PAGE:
State Department’s Science Envoy Resigns Over Trump’s Charlottesville Response | Sojourners

State Department’s Science Envoy Resigns Over Trump’s Charlottesville Response

One of the State Department's science envoys publicly resigned on Wednesday, the latest in a wave of defections over President Donald Trump's response to a white nationalist rally in Charlottesville, Va.

Daniel Kammen, a professor at the University of California, Berkeley, said in a letter posted on his Twitter account that Trump had failed to condemn white supremacists and neo-Nazis, part of "a broader pattern of behavior that enables sexism and racism, and disregards the welfare of all Americans, the global community and the planet."

Trump told reporters last week that "both sides" were to blame for the violence between white supremacists and counter protesters in Virginia on Aug. 12, and said there were "very fine people" among those who participated in the white nationalist rally.

At a rally in Arizona on Tuesday, Trump defended his response and said the news media had ignored his condemnation of white supremacists.

Envoys serve as unpaid volunteers and engage with government and non-government science officials and convene meetings around foreign policy and science.

In his letter, Kammen also criticized Trump's decision to leave the Paris Climate Accord. The first letters of each paragraph in his letter spelled out the word "IMPEACH."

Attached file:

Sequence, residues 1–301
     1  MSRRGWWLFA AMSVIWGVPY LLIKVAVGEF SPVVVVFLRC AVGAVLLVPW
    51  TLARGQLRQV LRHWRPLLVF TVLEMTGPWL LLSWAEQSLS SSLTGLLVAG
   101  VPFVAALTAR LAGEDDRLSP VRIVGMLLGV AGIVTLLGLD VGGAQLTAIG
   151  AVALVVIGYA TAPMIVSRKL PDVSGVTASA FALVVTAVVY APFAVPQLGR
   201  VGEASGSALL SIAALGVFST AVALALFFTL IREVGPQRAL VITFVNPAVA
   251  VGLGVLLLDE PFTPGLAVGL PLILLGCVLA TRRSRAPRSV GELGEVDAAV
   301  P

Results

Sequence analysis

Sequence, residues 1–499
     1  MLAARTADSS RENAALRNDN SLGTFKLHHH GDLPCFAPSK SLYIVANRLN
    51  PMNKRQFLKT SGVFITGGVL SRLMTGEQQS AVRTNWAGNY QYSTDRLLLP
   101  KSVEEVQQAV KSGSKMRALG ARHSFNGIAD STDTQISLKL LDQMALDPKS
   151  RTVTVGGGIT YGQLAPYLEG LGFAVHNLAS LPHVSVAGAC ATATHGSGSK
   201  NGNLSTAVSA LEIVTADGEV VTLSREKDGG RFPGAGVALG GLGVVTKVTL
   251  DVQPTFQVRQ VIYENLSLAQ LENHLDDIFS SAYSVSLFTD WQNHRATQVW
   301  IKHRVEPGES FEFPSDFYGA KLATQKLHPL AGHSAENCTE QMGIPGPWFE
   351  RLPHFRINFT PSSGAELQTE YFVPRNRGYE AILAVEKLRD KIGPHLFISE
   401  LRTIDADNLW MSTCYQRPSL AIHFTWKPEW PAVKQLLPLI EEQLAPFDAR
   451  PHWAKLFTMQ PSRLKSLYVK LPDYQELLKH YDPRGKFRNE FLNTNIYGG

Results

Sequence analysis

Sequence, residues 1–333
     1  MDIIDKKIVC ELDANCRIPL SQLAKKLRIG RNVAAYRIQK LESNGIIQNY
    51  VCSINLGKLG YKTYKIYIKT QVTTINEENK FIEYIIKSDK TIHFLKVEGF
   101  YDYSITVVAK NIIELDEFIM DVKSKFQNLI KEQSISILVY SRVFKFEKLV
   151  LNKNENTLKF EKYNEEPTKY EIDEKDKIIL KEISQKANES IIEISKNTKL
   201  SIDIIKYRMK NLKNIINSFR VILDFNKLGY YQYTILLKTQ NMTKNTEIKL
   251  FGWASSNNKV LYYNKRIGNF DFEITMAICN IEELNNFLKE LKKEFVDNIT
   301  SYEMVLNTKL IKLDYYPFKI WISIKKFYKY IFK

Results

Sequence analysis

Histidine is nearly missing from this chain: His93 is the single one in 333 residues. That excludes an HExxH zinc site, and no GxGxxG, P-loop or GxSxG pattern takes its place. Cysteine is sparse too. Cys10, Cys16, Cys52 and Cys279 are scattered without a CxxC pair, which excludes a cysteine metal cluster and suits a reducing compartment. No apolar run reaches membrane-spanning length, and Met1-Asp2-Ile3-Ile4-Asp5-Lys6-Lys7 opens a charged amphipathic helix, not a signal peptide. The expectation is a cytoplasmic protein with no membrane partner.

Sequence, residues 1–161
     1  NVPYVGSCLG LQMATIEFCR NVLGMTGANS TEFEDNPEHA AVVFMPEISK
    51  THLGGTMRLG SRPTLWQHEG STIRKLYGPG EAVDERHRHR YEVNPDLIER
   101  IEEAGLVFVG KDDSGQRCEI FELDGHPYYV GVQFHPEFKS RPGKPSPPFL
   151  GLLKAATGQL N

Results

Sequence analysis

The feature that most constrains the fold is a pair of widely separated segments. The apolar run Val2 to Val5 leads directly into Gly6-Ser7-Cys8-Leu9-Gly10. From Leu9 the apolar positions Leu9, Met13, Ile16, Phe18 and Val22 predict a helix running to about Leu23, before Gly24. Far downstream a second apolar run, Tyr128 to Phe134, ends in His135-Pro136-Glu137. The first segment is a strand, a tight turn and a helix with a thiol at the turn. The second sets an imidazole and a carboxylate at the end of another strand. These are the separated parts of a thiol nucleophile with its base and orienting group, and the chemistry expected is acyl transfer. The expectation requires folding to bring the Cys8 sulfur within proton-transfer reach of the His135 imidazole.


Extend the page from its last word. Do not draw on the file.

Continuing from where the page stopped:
Kammen, the White House and the State Department did not respond to requests for comment.

The science envoy position is not particularly high-profile. The envoys — drawn from the ranks of American scientists and scholars — typically serve for one year, so Kammen was likely nearing the end of his term.

According to his LinkedIn profile, Kammen served as an envoy since August 2016.

Two of the other six envoys listed on an archived State Department website as being in Kammen's cohort told Reuters their terms had ended prior to Trump taking office.

Peter Hotez, dean of the National School of Tropical Medicine at the Baylor College of Medicine in Texas, served as envoy in 2015 and 2016 and said he has been in contact with the State Department about possibly returning. He would be willing to do so even after Trump's post-Charlottesville statements, he told Reuters on Wednesday.

"Despite those comments I think it's important to be willing to serve the United States," Hotez said.

Trump's comments in response to the protests sparked a wave of defections of American chief executives last week from White House advisory councils, leading to their disbanding, and earned condemnations from Republicans and Democrats alike.

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